Worldwide Vegan Eats

A spelt carrot cupcake with creamy vanilla frosting is free of dairy, egg and soy at Babycakes at 248 Broome St. in New York.
A spelt carrot cupcake with creamy vanilla frosting is free of dairy, egg and soy at Babycakes at 248 Broome St. in New York. Photo by Lyndsey Matthews.

by KATIE DRUMMOND

No matter where you travel, with a little planning and perseverance, you can have a successful vegan vacation. But if you’re looking for a trip that involves the least amount of pre-packed trail mix and garden salads, these five cities are tops for meat-free travel experiences.

1. New York City

This city never sleeps, and vegan tourists will have to stay up all night if they want to make a dent in the hundreds of vegetarian and vegan restaurants of New York. BabyCakes, an all-vegan bakery, and MooShoes, a leather-free shoe store, are two highlights for visitors when visiting the meat-free mecca. According to Rynn Berry, author of The Vegan Guide to New York City, this is the only city where travelers can indulge in almost any ethnic cuisine done vegan-style.

2. Portland

With the honor of being PETA’s #1 vegetarian-friendly city, Portland has quite a reputation to defend. Aside from restaurants like Palace Café—whose tofu scramble alone is worth the plane ticket—Portland is home to Voodoo Donuts, which serves up treats that most vegans probably haven’t enjoyed since their omnivorous days. Also, Portland’s all-vegan strip mall includes a grocery store, clothing retailer, bakery and tattoo parlor, presumably so you can get “vegan” etched in permanent, byproduct-free ink.

3. London

Mad Cow disease made veganism, already a longtime trend in England, even more popular. Now, vegetarian visitors can sleep easy at dozens of hotels and B&Bs that cater to meat-free lifestyles. Try Lincoln House Hotel, a small guesthouse in central London that offers a full vegan breakfast better than anything you might scrounge up at a typical hotel buffet. Indian food aficionados have dozens of options, including Chai Pani, which offers a daily, all-vegan lunch buffet to satisfy even the hungriest travelers.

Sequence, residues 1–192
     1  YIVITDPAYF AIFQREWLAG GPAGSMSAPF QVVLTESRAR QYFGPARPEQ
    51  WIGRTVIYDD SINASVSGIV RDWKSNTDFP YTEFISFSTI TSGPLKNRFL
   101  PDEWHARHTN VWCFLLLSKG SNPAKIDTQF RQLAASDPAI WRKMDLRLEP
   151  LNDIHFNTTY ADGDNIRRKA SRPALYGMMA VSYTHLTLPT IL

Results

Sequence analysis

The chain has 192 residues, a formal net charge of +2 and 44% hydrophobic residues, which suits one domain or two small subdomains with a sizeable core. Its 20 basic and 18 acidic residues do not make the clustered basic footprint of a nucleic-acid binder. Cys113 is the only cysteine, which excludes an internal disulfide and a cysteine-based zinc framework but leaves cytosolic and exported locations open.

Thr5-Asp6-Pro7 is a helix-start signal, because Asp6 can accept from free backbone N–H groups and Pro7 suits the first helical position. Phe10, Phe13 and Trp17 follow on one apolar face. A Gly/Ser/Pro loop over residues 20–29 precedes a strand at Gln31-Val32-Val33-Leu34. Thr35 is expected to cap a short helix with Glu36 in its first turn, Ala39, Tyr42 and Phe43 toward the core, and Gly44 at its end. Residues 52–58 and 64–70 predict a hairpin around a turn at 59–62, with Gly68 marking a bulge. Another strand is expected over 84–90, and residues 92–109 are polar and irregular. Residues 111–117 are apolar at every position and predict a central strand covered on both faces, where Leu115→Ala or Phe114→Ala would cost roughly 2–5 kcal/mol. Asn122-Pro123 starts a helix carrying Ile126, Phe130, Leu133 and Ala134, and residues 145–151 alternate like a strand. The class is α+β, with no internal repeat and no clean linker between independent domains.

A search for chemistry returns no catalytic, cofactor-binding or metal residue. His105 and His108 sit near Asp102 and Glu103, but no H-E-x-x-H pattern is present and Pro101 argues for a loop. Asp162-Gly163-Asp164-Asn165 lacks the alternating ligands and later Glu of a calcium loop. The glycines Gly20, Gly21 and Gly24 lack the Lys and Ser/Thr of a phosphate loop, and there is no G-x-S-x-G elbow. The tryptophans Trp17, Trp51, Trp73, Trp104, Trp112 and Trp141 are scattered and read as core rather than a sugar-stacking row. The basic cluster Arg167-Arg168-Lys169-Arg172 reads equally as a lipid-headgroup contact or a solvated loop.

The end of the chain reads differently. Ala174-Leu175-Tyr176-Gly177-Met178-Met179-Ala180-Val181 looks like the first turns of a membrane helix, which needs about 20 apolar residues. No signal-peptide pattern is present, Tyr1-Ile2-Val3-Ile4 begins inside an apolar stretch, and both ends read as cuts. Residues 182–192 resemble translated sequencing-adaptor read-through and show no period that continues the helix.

4. Toronto

The vegan scene is alive and well in Canada, especially in this “New York of the North.” The city only has a handful of vegan restaurants, but they’re renowned among the veggie community. Stop by Urban Herbivore, a cafe in trendy Kensington Market, for the infamous sweet-potato date muffin, and enjoy a “seafood” wrap at Vegetarian Haven, an Asian-fusion restaurant that specializes in mock meats. Left Feet, a vegan shoe store, makes sure that vegans from around the world put their most stylish feet forward each and every day.

5. Singapore

Asian cuisine is often meat-free, and the bigger the city, the more likely you are to find vegetarian restaurants or shops. Tourists looking for a unique dining experience should check out Singapore’s street stalls, food outlets along bustling sidewalks that serve up everything from fish legs to more palatable vegan Indian and Chinese cuisine. Bring a translation book to make your dietary needs clear, and visit the Vegetarian Society of Singapore’s Web site for information on the many conferences, festivals and events dedicated to vegan living.

Quick Vegan Travel Tips:

1. Pack non-perishable snacks, including protein bars, trail mix and a jar of nut butter. I survived two weeks of Parisienne breakfasts by toting my own peanut butter to slather on baguettes.

2.Consider accommodations with a kitchenette for longer trips. If you can find a grocery store, you can probably find the staples to whip up vegan breakfasts, brown-bag lunches or easy snacks.

3. Opt for ethnic restaurants over mainstream, North American ones. Thai, Indian and Japanese restaurants are all likely to have plenty of veggies, tofu and rice on the menu.

4. Learn a few, vital phrases of the native tongue: “I have a dairy allergy” and “No meat, chicken, fish or eggs” are good basics to rely on.

5. Before your trip, head online, to Web sites like www.happycow.net, so you can scope out vegetarian restaurants and stores. You can also contact local vegetarian groups for more resources.

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